A district court must consider twelve factors in adjusting the lodestar amount. They are: (1) the time and labor required for the case; (2) the novelty and difficulty of the issues involved; (3) the skill required to litigate the case; (4) the ability of the attorney to accept other work; (5) the customary fee for similar work in the community; (6) whether the fee is fixed or contingent; (7) time limitations imposed by the client or the circumstances of the case; (8) the amount involved and results obtained; (9) the experience, reputation, and ability of the attorney; (10) the "undesirability" of the case; (11) the nature and length of the attorney-client relationship; and (12) awards in similar cases. Shipes, 987 F.2d at 320 n. 6; Johnson v. Georgia Highway Express, Inc., 488 F.2d 714, 717-19 (5th Cir. 1974). Some of these factors are subsumed in the lodestar amount and should not be considered in making any necessary adjustments. See Shipes, 987 F.2d at 320; Von Clark v. Butler, 916 F.2d 255, 258 (5th Cir. 1990). However, the court should pay "special heed" to the time and labor involved, the customary fee, the amount in controversy and results obtained, and the experience, reputation and ability of counsel. Von Clark, 916 F.2d at 258.

B. Lodestar Calculation

The Court must first determine the reasonable number of hours expended on the case and the reasonable hourly rates for participating attorneys. Plaintiff has produced detailed time records which show that her lawyers spent a total of 385.25 hours for the preparation and trial of this cause. Kenneth H. Molberg served as lead counsel and worked 325.5 hours. His partner, Roger G. Williams, assisted at trial and worked 35.5 hours. Their legal assistants worked an additional 24.25 hours. Plaintiff contends that $300 is a reasonable hourly rate for her two lawyers and $70 is a reasonable hourly rate for their legal assistants. She relies on affidavits from two attorneys who specialize in employment law to support her position.

Defendant objects to both the amount of time spent on the case and the rate of compensation. Defendant focuses on: (1) inadequacies in the billing records; (2) the failure of plaintiff to prevail on one of her claims; (3) unnecessary work performed by counsel; (4) excessive time required to complete routine litigation tasks; and (5) the lack of any novel or complex legal issues. Defense counsel has submitted her own affidavit and copies of fee applications in two other cases in an effort to show that $150 is a reasonable hourly rate.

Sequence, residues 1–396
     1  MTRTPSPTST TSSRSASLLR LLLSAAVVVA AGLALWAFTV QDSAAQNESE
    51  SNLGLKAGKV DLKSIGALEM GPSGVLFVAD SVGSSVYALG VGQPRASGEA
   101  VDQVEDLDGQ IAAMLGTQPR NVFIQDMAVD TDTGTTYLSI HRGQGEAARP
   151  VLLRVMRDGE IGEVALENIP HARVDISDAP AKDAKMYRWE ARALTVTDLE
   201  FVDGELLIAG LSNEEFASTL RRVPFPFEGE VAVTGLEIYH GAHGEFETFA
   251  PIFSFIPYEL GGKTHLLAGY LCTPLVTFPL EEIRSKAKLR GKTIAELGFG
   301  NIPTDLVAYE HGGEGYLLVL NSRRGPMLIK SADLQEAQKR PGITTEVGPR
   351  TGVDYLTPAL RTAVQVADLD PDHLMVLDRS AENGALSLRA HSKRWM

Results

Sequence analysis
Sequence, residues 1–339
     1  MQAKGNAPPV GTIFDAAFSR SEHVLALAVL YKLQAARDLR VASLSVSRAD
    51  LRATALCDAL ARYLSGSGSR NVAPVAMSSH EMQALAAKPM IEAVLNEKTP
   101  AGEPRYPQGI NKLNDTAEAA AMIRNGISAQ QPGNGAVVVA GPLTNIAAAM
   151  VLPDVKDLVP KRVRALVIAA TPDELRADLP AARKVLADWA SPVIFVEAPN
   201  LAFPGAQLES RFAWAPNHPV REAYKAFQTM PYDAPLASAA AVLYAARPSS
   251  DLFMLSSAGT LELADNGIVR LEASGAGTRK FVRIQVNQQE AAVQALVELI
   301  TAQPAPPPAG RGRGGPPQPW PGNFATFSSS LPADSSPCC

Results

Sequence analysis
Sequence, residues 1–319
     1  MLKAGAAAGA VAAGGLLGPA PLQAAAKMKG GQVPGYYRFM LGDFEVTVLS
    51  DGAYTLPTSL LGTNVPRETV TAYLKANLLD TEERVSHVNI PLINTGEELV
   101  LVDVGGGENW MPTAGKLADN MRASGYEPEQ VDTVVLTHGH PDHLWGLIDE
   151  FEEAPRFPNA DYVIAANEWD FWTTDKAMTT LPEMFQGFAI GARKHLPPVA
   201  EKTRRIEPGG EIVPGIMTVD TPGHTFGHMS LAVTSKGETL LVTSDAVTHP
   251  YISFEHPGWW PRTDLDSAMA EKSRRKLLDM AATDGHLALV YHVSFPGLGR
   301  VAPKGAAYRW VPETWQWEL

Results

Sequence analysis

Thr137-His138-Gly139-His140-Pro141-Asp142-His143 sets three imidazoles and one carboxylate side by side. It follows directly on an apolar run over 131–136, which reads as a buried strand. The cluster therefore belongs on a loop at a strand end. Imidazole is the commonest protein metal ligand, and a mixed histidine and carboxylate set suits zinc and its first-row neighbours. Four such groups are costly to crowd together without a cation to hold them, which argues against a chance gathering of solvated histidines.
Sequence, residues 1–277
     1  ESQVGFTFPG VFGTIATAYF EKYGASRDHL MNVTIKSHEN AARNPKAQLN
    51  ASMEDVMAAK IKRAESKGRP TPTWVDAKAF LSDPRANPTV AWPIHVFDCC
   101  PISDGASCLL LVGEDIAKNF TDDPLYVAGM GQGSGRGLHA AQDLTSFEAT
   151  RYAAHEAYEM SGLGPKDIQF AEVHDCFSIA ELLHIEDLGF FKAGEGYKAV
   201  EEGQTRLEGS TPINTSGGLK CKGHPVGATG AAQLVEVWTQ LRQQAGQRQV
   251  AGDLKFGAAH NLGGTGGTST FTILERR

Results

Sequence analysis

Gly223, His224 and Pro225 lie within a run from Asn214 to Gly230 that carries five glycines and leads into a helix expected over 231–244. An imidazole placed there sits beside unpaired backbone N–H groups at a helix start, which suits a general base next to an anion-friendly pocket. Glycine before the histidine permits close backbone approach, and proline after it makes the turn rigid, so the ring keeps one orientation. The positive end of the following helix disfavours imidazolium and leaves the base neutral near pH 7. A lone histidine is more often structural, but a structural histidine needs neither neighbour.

1. Reasonable Number of Hours Expended

A fee applicant is required to document the time spent and services rendered on a case. Hensley, 461 U.S. at 436, 103 S.Ct. at 1941; Cooper v. Pentecost, 77 F.3d 829, 832 (5th Cir. 1996). The Court must review these records and exclude all time that is excessive, duplicative or inadequately documented. Hensley, 461 U.S. at 433, 103 S.Ct. at 1939; Von Clark, 916 F.2d at 259. The hours surviving this vetting process are those reasonably expended on the litigation. Watkins v. Fordice, 7 F.3d 453, 457 (5th Cir. 1993).

a. Documentation

Defendant first argues that the billing records submitted by plaintiff are inadequate because counsel did not segregate the time spent on various claims and provided only a vague description of the services rendered. Plaintiff has submitted 18 pages of records describing the services performed by her attorneys and the time required to accomplish those tasks. The time records are kept in quarter-hour increments. Separate entries appear for each task performed by an attorney or legal assistant. Defendant has not identified any specific entry that is duplicative, repetitive, or inherently unreasonable. The Court finds that these billing records are more than adequate to support the fee application.

b. Unsuccessful Claims

Defendant also contends that the number of hours spent on this case is unreasonable because plaintiff did not prevail on all of her claims. Defendant notes that the original complaint specified four acts of discrimination: (1) the elimination of plaintiff's position while she was out on pregnancy leave; (2) the failure to rehire plaintiff after she was able to return to work; (3) discrimination in the terms, conditions and privileges of employment; and (4) retaliation. Plaintiff was successful on only one of these claims at trial. Defendant therefore argues that her lawyers are not entitled to compensation for an estimated 85.5 hours of time spent on these unsuccessful claims.